In its place is conflict.
Two weeks ago, the United States declared most of China’s land claims in the South China Sea “completely illegal” and pledged US support to other countries with offshore claims. competing.
U.S. law enforcement has taken aggressive action against Chinese scientists accused of hiding their military titles – at least one of those people now appears to have taken refuge in the Chinese consulate in San Francisco – while officials in immigration have banned graduate students with ties to military institutions. The United States has imposed sanctions on senior Chinese officials for human rights violations and expelled Chinese journalists.
The White House is considering a travel ban for members of the Chinese Communist Party. Mr. Pompeo questioned the moral status of American companies doing business with China.
Trade ties between the two countries are already weakening. In the first half of 2020, the United States accounted for 11.5% of China’s imports and exports, down from 13.7% just two years ago (Canada’s share has remained constant over the course of of this period, to 1.3%).
Mr. Trump supports “a more explicit confrontation, by elevating the plan of the confrontation of economics and technology to diplomacy,” said Su Hao, a researcher at the School of Diplomacy at the University of Foreign Affairs of China. “This is a high-profile attempt to openly portray China as an enemy of the United States, and for Trump to become a standard bearer in the fight against China.” He compared consulate closures to the first steps in a “diplomatic war,” one where “an indirect impasse officially becomes a direct, face-to-face confrontation,” he said.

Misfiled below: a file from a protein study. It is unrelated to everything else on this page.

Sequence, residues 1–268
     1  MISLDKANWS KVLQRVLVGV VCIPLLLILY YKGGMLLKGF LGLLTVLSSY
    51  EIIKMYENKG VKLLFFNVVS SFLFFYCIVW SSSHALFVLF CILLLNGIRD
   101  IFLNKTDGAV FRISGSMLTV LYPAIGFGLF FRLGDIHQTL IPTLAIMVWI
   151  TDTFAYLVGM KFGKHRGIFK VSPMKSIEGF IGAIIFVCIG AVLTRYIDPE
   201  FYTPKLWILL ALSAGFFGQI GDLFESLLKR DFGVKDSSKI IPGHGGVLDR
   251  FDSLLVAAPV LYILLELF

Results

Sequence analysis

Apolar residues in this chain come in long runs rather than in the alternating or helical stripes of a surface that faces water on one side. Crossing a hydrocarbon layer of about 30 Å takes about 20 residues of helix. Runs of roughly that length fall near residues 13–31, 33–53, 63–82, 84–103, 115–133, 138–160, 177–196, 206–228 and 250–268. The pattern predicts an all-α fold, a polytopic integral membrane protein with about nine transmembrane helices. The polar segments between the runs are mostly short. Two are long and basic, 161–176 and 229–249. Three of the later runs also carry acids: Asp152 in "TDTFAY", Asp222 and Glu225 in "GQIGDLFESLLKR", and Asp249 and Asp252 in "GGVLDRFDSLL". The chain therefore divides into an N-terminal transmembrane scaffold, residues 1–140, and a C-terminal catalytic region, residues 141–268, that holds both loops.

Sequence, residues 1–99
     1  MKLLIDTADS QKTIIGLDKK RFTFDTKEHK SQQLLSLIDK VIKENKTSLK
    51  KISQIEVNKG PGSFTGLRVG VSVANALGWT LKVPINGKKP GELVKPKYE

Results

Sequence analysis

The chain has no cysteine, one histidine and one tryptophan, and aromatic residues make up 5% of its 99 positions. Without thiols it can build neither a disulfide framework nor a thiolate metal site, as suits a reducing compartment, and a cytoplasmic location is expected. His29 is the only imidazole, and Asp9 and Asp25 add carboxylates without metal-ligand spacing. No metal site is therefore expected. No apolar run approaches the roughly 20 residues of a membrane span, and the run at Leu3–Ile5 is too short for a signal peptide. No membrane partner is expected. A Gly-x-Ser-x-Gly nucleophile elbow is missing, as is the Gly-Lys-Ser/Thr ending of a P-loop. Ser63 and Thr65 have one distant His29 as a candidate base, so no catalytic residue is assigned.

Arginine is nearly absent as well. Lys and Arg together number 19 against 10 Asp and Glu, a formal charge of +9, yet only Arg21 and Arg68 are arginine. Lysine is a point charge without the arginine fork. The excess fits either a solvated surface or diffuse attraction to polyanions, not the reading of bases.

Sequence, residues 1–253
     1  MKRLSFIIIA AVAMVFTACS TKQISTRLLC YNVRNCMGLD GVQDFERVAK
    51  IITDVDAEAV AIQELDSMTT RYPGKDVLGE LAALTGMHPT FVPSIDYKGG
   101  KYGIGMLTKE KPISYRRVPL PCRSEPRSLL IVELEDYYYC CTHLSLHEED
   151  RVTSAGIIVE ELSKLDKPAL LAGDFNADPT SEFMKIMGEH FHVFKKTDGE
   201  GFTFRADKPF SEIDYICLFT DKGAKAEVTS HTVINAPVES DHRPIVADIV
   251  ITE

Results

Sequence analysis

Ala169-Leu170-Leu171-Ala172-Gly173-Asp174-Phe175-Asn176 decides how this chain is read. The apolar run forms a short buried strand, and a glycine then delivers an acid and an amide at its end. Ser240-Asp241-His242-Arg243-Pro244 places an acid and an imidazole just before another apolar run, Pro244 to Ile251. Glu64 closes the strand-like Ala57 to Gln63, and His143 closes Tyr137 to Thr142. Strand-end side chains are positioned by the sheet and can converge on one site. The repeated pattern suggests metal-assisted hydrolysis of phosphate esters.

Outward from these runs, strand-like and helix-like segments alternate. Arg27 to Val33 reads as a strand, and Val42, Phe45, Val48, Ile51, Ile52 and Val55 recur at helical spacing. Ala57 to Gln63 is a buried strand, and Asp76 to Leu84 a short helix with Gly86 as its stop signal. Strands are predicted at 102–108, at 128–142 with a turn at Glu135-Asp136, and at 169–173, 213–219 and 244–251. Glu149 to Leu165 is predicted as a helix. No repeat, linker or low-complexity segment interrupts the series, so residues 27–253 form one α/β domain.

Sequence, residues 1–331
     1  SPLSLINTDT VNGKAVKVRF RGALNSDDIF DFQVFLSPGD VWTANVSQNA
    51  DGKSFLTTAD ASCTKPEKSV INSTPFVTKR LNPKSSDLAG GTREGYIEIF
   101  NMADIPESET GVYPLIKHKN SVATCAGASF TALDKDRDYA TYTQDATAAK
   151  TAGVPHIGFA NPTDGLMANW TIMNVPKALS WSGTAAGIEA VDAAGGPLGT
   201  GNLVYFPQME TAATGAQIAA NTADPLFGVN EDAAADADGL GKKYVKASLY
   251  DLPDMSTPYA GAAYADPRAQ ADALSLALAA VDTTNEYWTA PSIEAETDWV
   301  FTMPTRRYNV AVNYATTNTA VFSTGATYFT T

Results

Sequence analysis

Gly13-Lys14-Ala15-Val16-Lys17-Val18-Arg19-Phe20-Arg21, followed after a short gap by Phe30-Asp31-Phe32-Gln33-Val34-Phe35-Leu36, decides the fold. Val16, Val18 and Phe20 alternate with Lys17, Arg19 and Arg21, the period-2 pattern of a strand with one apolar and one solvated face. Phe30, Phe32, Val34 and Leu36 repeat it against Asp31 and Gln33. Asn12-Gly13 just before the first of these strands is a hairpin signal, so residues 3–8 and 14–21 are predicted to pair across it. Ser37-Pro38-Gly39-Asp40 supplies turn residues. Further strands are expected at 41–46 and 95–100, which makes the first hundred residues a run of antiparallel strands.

“If it gets bad enough, the military will also be trained.”
Chinese leaders have repeatedly called for calm, even as Foreign Minister Wang Yi accused the United States of “losing spirit, morality and credibility.” Nonetheless, China’s position will likely remain defensive, with Beijing seeking to avoid provoking the United States, said Wang Yong, director of the Center for International Political Economy at Peking University and a distinguished fellow of the Munk School of Global Affairs and Public Policy.
“China will continue to behave with sufficient restraint,” said Prof. Wang, who also teaches at the Party School of China’s Foreign Ministry.
But, he added, Beijing could be prompted to take its own action against the United States, including action against American companies, “because domestic emotion against the United States is strong right now. .
He slammed hawkish conservatives for instigating hostility towards China, in part to bolster Mr. Trump’s national appeal ahead of this year’s US election.